Organic Gardening, Colonial Style


Colonists went green before green was a movement. Learn to keep an organic garden the Colonial Williamsburg way. Master Gardener Wesley Greene talks about history’s methods.


Harmony Hunter: Hi, welcome to the podcast. I'm Harmony Hunter. Organic gardening is enjoying a renaissance now that we're becoming more careful about how our food is grown and harvested. There was a time, though, when organic was the only option. Historic Gardner Wesley Greene joins us now to talk about his new book "Vegetable Gardening the Colonial Williamsburg Way." Wesley, thank you for being here.

Wesley Greene: Well thanks for having me.

Harmony: Tell us who you are in the Historic Area. Where are we going to find you?

Wesley: Right across the street from Bruton Parish Church. We have a little garden and also a garden shop.

Harmony: So you are our historic gardener. You spend every day of every year in the garden.

Wesley: Yes. There's two of us in the garden.

Harmony: And so those practices you try to keep as closely to what would have been practiced in the 18th century as you can. What does that mean?

Wesley: Exactly. Well, all of your garden books, with the exception of the first garden book which was written here in Williamsburg by John Randolph, are coming to us from England. So all the aristocracy as well as middle class would have gardening books they purchase in town from English garden writers. So they're using the same gardening sources as we're using and then taking that advice and changing it to fit Virginia conditions which are very different from English conditions.

Harmony: How are Virginia conditions different from English conditions?

Wesley: We're hotter in the summer, we're colder in the winter and we're drier at all times.

Harmony: So that affected just the transition from England to the Americas. You also mention in your book that the 18th century Virginia is not the 21st century Virginia in terms of climate. What changes have we seen just in the intervening centuries?

Wesley: Well it was much colder up until about the time of the Revolution. Geologists sometimes talked about this as a mini ice age. So we then take the advice from Mr. Randolph written here in Williamsburg in the 18th century and change it to suit 21st century conditions.

Harmony: Which are warmer. So let's just talk about the life of the garden and we talk too about things being organic.

Wesley: Yes. We were organic gardeners before we knew we were organic gardeners or had any desires to be organic gardeners. In fact, we had the organic gardening tools. We certainly don't have the mind set. The mindset of the 18th century gardeners, if it crawled, hopped, flitted or flew we wanted to kill it.

So you see extravagant means of killings earthworms, for example, which we now think of as beneficial. Many devices for killing ants, which sometimes is a nuisance in the house but not a problem in the garden. So we really don't have what we think of as modern organic in tune with nature sort of mind set. We're just not very good at killing them.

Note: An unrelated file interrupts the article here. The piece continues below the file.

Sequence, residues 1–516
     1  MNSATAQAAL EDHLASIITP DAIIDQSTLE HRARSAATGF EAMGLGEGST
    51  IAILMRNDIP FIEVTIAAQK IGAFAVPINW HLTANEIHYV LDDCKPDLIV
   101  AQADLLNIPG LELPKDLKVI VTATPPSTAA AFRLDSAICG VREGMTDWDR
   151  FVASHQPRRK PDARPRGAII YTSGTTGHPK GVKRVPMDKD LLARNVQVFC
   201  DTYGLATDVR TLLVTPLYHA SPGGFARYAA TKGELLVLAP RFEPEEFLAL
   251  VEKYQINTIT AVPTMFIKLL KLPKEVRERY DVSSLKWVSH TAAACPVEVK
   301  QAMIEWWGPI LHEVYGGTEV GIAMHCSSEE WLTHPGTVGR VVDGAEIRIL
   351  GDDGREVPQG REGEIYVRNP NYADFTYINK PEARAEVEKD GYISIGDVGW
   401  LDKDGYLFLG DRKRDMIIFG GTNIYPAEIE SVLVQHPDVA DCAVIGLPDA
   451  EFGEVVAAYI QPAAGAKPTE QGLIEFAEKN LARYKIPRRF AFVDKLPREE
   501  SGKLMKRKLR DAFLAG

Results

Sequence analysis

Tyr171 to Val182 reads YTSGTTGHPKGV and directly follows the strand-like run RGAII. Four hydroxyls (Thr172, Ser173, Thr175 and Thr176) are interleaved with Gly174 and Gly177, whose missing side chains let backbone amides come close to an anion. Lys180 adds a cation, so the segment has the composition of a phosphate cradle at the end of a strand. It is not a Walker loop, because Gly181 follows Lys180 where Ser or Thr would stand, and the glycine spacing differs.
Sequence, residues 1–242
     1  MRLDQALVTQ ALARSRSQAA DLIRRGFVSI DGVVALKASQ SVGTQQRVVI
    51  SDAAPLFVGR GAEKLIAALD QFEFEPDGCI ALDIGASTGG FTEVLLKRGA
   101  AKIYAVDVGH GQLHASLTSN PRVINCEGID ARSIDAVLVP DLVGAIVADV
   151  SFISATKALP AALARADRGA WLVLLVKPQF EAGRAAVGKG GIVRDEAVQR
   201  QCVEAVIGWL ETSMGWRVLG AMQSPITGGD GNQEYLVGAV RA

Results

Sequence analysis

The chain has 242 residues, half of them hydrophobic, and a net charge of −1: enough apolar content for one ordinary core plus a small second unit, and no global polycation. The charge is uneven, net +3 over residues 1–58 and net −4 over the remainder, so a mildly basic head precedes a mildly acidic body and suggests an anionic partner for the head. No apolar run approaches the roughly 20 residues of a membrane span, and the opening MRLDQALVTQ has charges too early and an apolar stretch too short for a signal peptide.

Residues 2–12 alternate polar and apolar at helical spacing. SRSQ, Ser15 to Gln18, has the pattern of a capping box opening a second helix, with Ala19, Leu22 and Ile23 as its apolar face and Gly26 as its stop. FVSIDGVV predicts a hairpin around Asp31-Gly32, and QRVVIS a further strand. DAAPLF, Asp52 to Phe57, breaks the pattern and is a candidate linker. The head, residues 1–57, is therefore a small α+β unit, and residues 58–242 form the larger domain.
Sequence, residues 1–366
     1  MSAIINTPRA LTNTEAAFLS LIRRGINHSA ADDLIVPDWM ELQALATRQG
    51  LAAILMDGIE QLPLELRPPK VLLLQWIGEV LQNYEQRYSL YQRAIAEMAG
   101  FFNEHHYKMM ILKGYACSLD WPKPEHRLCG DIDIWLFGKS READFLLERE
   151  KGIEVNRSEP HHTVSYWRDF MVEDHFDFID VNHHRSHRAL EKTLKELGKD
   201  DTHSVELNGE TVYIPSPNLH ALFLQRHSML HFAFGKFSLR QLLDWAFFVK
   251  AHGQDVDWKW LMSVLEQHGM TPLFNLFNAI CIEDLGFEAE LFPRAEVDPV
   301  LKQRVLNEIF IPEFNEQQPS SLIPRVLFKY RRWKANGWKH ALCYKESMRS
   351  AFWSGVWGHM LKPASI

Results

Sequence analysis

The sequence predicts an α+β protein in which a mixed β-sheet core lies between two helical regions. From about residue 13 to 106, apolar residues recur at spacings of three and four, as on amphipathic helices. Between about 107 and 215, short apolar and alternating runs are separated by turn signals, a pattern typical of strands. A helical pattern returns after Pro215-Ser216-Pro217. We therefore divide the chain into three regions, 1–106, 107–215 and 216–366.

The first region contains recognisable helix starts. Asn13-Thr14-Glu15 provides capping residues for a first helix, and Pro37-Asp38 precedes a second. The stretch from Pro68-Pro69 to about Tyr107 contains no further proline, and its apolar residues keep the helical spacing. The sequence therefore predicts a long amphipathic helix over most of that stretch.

Harmony: What are some of the methods that would have been used in the 18th century for pest control?

Wesley: Well some things that really do work for us are the use of lime water. In fact our masons, our brick makers, burn down shells to produce the lime. We then use that to make a slurry, which is just a water lime mix. We find that's very good for controlling aphids on melons for example. Just a simple board trap or frames, we have frames where we raise lettuces for example. It's an ideal slug habitat, so just by putting boards in the frames and turning them over every morning the slugs will seek a home under the boards and then you squash the slugs and it's very effective in controlling slugs. Sulphur, what they call brimstone was used, and tobacco dust was used.

Harmony: And you are also using cold frames and manure and all types of organic methods of managing the heat and the temperature in the garden.

Wesley: We started to expand the growing season. Of course there's a much more seasonality now than the diet in the 18th century. You eat peas in June. You don't eat peas in September. But through the use of frames, hot beds, which were pits filled with manure to provide a bottom heat, we start to extend the season and begin to move towards what we take for granted today and that's having any fruit, any vegetable any day of the year. Of course this again is restricted to the wealthier sort.

Vegetables are a small part of their diet and really more of a luxury item because in the end it's easier to raise a hog than it is cauliflower so the Englishman's diet is primarily meat and grain. Probably 90% of Virginians are living on diets of 60-70% corn. So vegetables are luxury items. And one of the nice things about this is because they are considered luxury items is there's much more care, much more thought going to raising things like cauliflower, for example.

You see these extravagant devices digging these great ditches and framing with manure and sheltering them with boxes at night because they place so much importance than perhaps we do today, where we just go to the grocery store and pick them off the shelf.

Harmony: We talked about there being a difference in the methods of the organic methods of keeping a garden. The look of the garden is actually very different as well, in the types of plants that are grown. Talk to me about the unexpected things that people will find in the garden that you tend.

Wesley: Well we have some plants that have fallen out of favor. For example, what the English call a broad bean most people know it by the Italian name of fava beans. Our new world bean is called bean the bean all familiar with because when the first explorers arrived here it put them in mind of the fava bean which we've been eating for 10,000 years in Europe so we call it bean. In fact both Mr. Jefferson and Mr. Washington are miserable failures at growing this bean. It's the one thing I have precedence over them in.

But the broad bean has fallen out of the American diet. And then there's the case of what I would call rocket, you would call arugula. Very popular salad green in the 17th century falls entirely out of favor in the 18th century and now it's back in fashion today in the 21st century. There's some unusual roots such as scorzonera and salsify. There's a celery substitute called cardoon which few Americans know.

But by and large, the most popular vegetables in the 18th century are still popular today: the beans, the cabbages, the peppers. Tomatoes are just coming into use as a sauce; never as a ripe fruit, never on salad, never on sandwich, but we're starting to see tomatoes as a sauce here in town.

Harmony: If I keep a garden, it's going to be something that I tend, maybe I'll go water it after work and get into it on the weekend to keep up with it. The garden that you keep is a full time job for two people. Is that a difference in gardens today and gardens in the 18th century that there would have been a dedicated professional expert tending that garden every day?